Another Case of Cellular Identity Theft

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Science  30 Nov 2007:
Vol. 318, Issue 5855, pp. 1353
DOI: 10.1126/science.318.5855.1353b

Solid tumors use a variety of crafty mechanisms to optimize their growth, invasion, and metastasis. One unusual mechanism that has attracted much recent interest is a form of cellular identity theft whereby tumor cells morph into a different cell type or induce surrounding normal cells to do so. The best characterized of these phenotypic changes is EMT, or “epithelial-mesenchymal transition,” a process thought to endow tumor epithelial cells with migratory and invasive features and/or provide the tumor with a pool of activated fibroblasts that produce molecules required for metastasis. Zeisberg et al. describe a new variation on this theme. Using genetically marked transgenic mice, they show that proliferating endothelial cells (the cells that form the inner layer of blood vessels) can also morph into mesenchymal cells resembling activated fibroblasts and that the latter cells are present in at least two distinct tumor types in mice. This “endothelial-mesenchymal” transition is promoted by transforming growth factor-1β1, a cytokine that also promotes EMT and that is abundant in many tumors. The next question is whether and how these intriguing cells contribute to tumor progression. — PAK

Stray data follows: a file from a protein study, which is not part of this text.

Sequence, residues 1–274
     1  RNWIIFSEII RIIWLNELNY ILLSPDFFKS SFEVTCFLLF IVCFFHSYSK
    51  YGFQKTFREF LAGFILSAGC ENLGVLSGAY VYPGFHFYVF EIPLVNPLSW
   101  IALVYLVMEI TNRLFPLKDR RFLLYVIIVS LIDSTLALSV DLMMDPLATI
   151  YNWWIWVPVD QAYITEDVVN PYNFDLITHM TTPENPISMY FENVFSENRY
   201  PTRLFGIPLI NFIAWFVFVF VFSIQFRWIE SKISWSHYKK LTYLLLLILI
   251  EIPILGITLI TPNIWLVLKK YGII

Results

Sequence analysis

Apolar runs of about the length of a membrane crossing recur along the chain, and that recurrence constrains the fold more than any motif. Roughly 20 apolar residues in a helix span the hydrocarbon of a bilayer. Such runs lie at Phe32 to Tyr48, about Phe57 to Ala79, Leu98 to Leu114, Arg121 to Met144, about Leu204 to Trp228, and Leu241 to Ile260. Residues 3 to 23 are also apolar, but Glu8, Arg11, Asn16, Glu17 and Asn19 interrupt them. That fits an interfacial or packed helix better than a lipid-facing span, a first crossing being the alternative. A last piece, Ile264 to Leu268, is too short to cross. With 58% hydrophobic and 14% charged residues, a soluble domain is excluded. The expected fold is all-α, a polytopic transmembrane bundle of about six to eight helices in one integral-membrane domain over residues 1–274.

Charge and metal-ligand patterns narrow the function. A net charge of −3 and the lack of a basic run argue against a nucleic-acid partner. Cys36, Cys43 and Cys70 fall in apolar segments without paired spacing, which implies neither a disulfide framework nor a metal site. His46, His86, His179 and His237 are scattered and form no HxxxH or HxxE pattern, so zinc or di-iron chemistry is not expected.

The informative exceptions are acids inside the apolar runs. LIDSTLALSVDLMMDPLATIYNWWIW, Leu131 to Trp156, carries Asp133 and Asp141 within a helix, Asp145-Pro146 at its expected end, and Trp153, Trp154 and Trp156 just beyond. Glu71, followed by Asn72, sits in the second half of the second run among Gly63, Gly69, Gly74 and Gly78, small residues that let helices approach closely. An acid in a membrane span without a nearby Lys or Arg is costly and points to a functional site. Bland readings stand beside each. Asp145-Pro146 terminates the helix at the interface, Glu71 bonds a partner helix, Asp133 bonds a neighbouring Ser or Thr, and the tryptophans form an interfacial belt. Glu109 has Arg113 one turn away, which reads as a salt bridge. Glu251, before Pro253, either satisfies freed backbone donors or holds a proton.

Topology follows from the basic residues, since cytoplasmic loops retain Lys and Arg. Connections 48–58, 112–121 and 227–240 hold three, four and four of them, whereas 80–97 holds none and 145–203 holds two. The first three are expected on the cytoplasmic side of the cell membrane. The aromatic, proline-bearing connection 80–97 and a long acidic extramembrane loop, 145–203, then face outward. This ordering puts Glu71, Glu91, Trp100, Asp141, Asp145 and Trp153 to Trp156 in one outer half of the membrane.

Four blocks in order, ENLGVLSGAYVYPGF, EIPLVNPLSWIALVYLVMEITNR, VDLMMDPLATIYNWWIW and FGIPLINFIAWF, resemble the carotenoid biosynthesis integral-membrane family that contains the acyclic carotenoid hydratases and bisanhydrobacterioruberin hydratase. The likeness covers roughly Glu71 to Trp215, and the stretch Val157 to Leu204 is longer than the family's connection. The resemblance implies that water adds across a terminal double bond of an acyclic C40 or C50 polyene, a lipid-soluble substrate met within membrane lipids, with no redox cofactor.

Cancer Res. 67, 10123 (2007).

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